phenomenal. Perhaps you can think of your piano more as a percussion
instrument for a certain piece, rather than that which would usually
play melody/harmony? I bet with that mindset, you could come up with
some great new colours. In fact, HERE is a link to a song I composed
using “slap” techniques on a guitar tuned to DADGAD.
3. Record it Different
Just like everyone has a unique compositional voice, everyone seems
to have a different opinion on recording. Many believe that there are
set rules/guidelines that must be learned and followed a majority of the
time to create great recordings. Then there are others who believe it
can’t really be taught at all, but must be learned through experience
and a majority of the “rules” are garbage. My opinion lies
somewhat in the middle.
- Use different mics. There are tons of mics out there which are “specialty”
mics and are usually only used for recording vocals or only guitar,
etc. However, that doesn’t mean you can’t use those mics
for anything different. Why can’t you use that high end vocal
mic to record a cello? Who is to put a limit on how many or what mics
you use if you end up liking the end result?
- Use different mic positions. Have a huge basement or garage and want
some more depth to your snare or other random percussion instruments?
Setup a mic at the end, one in the middle and one up close. Do you like
to hear the percussive attack of a guitar? Position a mic closer to
the picking hand and fret board (if you like to hear the slides from
chord changes) to hear more of the performer come through on the track.
4. Mix it Different
This can cover everything from effects & EQ to Reverb & even
your system/method of mixing. First I’d like to talk about the more
obvious and perhaps more easily changed options when mixing. Mixing (as
pretty much everything else I’ve spoken about) is quite subjective,
as I know many guitarists that would boost certain frequencies when EQing
their lead guitar track and yet there are many others (just as “qualified”)
that would scoff at their choice. So, I recommend becoming aware and keeping
track of your tendencies when mixing.
- Do you tend to roll off the bass of all your violin tracks? Is there
one reverb preset that you tend to use more than any other? Do you tend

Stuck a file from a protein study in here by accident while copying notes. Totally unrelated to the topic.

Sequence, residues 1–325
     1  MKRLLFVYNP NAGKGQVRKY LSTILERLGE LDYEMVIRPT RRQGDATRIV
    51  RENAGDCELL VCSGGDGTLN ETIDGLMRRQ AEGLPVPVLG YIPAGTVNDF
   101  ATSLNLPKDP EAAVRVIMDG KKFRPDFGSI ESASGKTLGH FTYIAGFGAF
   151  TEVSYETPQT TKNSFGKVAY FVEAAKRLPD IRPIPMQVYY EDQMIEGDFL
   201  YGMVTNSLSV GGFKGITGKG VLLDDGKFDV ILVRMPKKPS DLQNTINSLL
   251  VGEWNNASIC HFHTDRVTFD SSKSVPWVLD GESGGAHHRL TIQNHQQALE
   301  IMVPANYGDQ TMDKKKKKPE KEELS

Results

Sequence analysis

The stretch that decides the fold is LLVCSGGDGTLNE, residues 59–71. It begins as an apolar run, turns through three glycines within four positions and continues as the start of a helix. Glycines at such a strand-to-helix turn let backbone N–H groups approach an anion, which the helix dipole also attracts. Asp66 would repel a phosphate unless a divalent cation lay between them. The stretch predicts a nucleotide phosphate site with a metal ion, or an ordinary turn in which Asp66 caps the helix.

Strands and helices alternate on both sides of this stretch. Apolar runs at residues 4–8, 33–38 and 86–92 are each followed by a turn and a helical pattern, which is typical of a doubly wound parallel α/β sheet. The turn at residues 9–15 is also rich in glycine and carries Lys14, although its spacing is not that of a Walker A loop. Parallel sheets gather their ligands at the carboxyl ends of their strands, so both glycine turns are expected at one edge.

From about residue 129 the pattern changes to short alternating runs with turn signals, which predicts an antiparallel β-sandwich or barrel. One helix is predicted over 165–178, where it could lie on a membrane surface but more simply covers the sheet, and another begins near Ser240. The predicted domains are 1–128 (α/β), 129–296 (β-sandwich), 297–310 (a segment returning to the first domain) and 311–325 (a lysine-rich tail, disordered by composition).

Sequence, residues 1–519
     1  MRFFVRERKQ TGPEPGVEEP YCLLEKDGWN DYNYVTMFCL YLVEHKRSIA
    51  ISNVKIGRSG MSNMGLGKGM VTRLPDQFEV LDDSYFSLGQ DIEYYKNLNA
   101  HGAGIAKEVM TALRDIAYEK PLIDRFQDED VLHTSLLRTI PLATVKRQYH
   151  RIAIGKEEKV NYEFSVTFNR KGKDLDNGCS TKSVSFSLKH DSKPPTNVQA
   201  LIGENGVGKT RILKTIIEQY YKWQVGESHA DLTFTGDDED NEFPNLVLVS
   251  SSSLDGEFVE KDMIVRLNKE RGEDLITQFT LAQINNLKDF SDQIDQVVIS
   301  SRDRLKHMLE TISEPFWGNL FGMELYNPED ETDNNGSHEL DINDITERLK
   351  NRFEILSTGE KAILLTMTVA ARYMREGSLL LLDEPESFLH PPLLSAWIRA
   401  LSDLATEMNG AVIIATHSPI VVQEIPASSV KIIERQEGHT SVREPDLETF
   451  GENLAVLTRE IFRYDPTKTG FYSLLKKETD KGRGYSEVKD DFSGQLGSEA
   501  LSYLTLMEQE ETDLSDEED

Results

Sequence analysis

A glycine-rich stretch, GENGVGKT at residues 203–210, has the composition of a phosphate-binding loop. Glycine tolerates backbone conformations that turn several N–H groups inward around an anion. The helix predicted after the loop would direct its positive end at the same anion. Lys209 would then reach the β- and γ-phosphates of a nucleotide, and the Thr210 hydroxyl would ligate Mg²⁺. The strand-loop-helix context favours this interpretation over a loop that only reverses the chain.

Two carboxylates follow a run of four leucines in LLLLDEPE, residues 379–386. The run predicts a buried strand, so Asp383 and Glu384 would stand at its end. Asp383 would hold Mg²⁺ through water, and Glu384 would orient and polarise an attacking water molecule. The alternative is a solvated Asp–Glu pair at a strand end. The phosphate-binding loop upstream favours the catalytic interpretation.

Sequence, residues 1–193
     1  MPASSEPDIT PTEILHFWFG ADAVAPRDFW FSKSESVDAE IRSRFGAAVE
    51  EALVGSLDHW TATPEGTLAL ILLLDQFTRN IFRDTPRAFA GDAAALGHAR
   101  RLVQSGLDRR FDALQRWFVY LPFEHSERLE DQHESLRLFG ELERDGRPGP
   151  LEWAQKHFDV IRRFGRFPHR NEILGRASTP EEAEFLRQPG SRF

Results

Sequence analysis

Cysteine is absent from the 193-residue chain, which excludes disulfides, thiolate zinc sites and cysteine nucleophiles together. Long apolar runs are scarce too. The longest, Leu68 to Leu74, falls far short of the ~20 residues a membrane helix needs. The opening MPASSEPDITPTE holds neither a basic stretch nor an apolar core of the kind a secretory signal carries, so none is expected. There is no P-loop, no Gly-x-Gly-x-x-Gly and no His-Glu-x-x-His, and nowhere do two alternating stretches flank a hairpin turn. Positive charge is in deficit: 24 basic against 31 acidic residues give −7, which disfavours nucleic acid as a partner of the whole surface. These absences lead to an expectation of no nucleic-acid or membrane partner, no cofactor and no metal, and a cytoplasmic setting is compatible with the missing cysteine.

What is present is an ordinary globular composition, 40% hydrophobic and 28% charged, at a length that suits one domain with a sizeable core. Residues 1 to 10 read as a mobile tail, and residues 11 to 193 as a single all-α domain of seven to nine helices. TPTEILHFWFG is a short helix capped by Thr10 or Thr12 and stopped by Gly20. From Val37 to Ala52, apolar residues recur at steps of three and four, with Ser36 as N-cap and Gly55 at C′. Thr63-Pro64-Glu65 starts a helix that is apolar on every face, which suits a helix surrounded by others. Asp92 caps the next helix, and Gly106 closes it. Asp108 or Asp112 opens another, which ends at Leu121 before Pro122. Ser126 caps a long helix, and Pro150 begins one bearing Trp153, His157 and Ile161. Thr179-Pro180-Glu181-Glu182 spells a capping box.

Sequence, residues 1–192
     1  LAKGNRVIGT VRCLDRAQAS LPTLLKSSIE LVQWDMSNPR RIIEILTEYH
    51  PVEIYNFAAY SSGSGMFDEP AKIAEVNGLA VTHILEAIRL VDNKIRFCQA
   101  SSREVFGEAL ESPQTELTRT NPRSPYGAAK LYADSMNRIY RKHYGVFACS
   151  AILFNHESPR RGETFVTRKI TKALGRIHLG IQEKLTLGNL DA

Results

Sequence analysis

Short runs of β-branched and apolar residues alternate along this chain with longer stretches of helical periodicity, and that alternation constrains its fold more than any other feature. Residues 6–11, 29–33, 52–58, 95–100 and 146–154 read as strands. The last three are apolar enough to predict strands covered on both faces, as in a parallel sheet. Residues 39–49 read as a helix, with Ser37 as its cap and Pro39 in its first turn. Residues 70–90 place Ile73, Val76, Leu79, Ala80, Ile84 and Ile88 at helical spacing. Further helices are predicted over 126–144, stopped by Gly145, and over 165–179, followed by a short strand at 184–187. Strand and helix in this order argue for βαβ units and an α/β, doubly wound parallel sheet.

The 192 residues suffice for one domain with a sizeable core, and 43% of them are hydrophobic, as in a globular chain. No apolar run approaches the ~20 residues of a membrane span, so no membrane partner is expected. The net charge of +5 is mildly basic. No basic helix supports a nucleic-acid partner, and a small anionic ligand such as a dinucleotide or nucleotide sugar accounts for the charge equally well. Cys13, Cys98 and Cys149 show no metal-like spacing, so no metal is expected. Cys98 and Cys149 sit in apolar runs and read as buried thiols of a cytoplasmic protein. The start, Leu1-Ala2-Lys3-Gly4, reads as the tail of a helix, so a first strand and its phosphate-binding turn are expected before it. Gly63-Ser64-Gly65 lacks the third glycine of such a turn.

to use the same distortion/pedal effects for you guitar parts? Keep
track of all of this (physically writing it down is recommended) and
identify the things that are a part of your sound and which tendencies
can be “manipulated” to help you reach the goal of creating
unique musical colours.
- There are of course many other factors that come into play when mixing,
but the other major “event” in the process that I recommend
changing, is your system of mixing. I know that when I mix, I like to
have everything very organized in their unique groups (aka strings,
brass, electric percussion, etc.). However, if my goal is to create
something completely new and unique I may tweak (don’t need to
necessarily overhaul the system) those groups. So, now instead of organizing
the groups by instrument sections, I could perhaps organize them by
their relevance or importance to the piece. Perhaps the first violins
would be grouped with a sitar and thus my whole approach to the individual
(and the entire) mix would be much different than if I had kept my previous
I’m sure that there are many more variables in each one of these
topics that I have not addressed (Probably many more topics as well!).
However, this should be a great starting point to help you create some
unique musical colours and anything I have left out could perhaps be material
for a later article ?. Until then, I wish you all the best and if you
learn anything at all from this article, let it be this: Don’t be
afraid to ask questions.
Take care and keep composing fellow artists!